Controversial US bid withdraws from Chelsea battle
American sports tycoons the Ricketts family have ended their bid to buy Chelsea football club, it has been announced.
The family were seen as one of the four main contenders to take over as the sale of the London club owned by Russian billionaire Roman Abramovich approaches its conclusion.
But in a statement on Friday, the consortium including the Ricketts family said its was out of the running.
“The Ricketts-Griffin-Gilbert Group has decided, after careful consideration, not to submit a final bid for Chelsea FC,” read a statement.
“In the process of finalizing their proposal, it became increasingly clear that certain issues could not be addressed given the unusual dynamics around the sales process.
“We have great admiration for Chelsea and its fans, and we wish the new owners well.”
The bid had included American hedge fund titan Ken Griffin and fellow billionaire Dan Gilbert.
Fronted by Chicago Cubs owners Tom and Laura Ricketts, the takeover offer had faced more opposition than any of the other main contenders after Chelsea supporters were angered by historical emails from family patriarch Joe Ricketts.
Joe Ricketts was not involved in the bid but was the source of fury after being accused of Islamophobia based on leaked emails in 2019.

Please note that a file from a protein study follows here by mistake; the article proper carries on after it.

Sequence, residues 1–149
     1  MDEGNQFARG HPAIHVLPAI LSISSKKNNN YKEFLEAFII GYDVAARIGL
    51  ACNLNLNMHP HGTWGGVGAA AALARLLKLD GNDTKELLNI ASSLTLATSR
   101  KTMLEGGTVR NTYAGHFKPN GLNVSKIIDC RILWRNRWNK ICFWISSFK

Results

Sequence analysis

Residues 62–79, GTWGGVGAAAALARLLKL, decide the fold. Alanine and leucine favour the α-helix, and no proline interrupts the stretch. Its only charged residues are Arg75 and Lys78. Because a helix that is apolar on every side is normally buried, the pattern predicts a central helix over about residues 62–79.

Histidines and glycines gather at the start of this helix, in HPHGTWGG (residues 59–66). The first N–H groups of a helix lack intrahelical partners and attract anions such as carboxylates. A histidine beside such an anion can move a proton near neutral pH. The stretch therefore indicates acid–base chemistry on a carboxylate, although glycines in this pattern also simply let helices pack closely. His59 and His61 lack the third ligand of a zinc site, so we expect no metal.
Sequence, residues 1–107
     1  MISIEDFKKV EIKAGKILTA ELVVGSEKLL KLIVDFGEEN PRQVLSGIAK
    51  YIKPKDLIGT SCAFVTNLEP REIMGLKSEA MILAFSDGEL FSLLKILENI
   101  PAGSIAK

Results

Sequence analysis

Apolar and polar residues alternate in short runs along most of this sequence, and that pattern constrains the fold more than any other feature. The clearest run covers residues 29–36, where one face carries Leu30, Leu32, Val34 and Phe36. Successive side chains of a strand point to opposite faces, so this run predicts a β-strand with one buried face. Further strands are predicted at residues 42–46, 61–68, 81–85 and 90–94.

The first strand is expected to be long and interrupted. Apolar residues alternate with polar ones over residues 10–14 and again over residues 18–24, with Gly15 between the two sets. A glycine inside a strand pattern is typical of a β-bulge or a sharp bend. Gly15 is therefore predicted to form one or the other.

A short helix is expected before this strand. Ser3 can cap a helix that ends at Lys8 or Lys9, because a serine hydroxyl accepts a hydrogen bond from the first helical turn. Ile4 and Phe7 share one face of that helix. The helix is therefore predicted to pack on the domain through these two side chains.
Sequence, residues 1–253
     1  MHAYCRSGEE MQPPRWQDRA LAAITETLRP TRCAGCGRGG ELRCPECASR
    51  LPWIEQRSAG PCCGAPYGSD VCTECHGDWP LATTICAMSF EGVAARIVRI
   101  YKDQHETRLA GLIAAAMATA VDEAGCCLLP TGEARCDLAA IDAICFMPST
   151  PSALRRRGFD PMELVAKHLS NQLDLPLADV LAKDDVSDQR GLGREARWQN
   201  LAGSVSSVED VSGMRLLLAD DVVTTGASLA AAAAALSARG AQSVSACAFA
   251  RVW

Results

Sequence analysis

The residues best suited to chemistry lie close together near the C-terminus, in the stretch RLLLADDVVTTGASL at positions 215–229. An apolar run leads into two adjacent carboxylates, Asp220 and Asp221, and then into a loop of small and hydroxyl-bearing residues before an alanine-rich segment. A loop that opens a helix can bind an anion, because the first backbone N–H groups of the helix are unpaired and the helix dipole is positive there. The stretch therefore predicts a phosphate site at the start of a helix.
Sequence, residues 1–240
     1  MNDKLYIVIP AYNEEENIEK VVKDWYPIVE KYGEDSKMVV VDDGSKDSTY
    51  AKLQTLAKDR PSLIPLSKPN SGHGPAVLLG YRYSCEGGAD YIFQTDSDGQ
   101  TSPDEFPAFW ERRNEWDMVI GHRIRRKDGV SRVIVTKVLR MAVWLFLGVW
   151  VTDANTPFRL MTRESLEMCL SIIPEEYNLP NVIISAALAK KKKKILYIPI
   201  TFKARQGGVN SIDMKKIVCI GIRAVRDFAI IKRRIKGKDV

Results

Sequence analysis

According to reports, the fan backlash is not linked the Ricketts withdrawing their interest, which instead is said to stem from consortium members being unable to agree the final composition of their offer.
With the Ricketts consortium out of contention, a trio of bids will now battle it out for what seems set to be a record £3 billion ($3.9 billion) deal for a sports team.
The process is being managed by US merchant bank Raine Group, which is understood to have received final bids on Thursday.
Two US-based offers remain alongside one UK-led consortium. LA Dodgers part-owner Todd Boehly is part of one bid, while a rival offer includes Boston Celtics co-owner Steve Pagliuca.
The UK contender to take over at Stamford Bridge comprises British tycoon Jonathan Goldstein, Sir Martin Broughton and Lord Sebastian Coe.
A takeover could be completed by the end of the month although the green light will be required by the Premier League and UK government.
Russian billionaire Abramovich announced he was putting the club he has owned since 2003 up for sale shortly before being sanctioned by the UK government last month for his alleged links to Russian President Vladimir Putin.
Abramovich will not see any of the profits from the Chelsea sale, having previously vowed to donate “net proceeds” to victims of the conflict in Ukraine.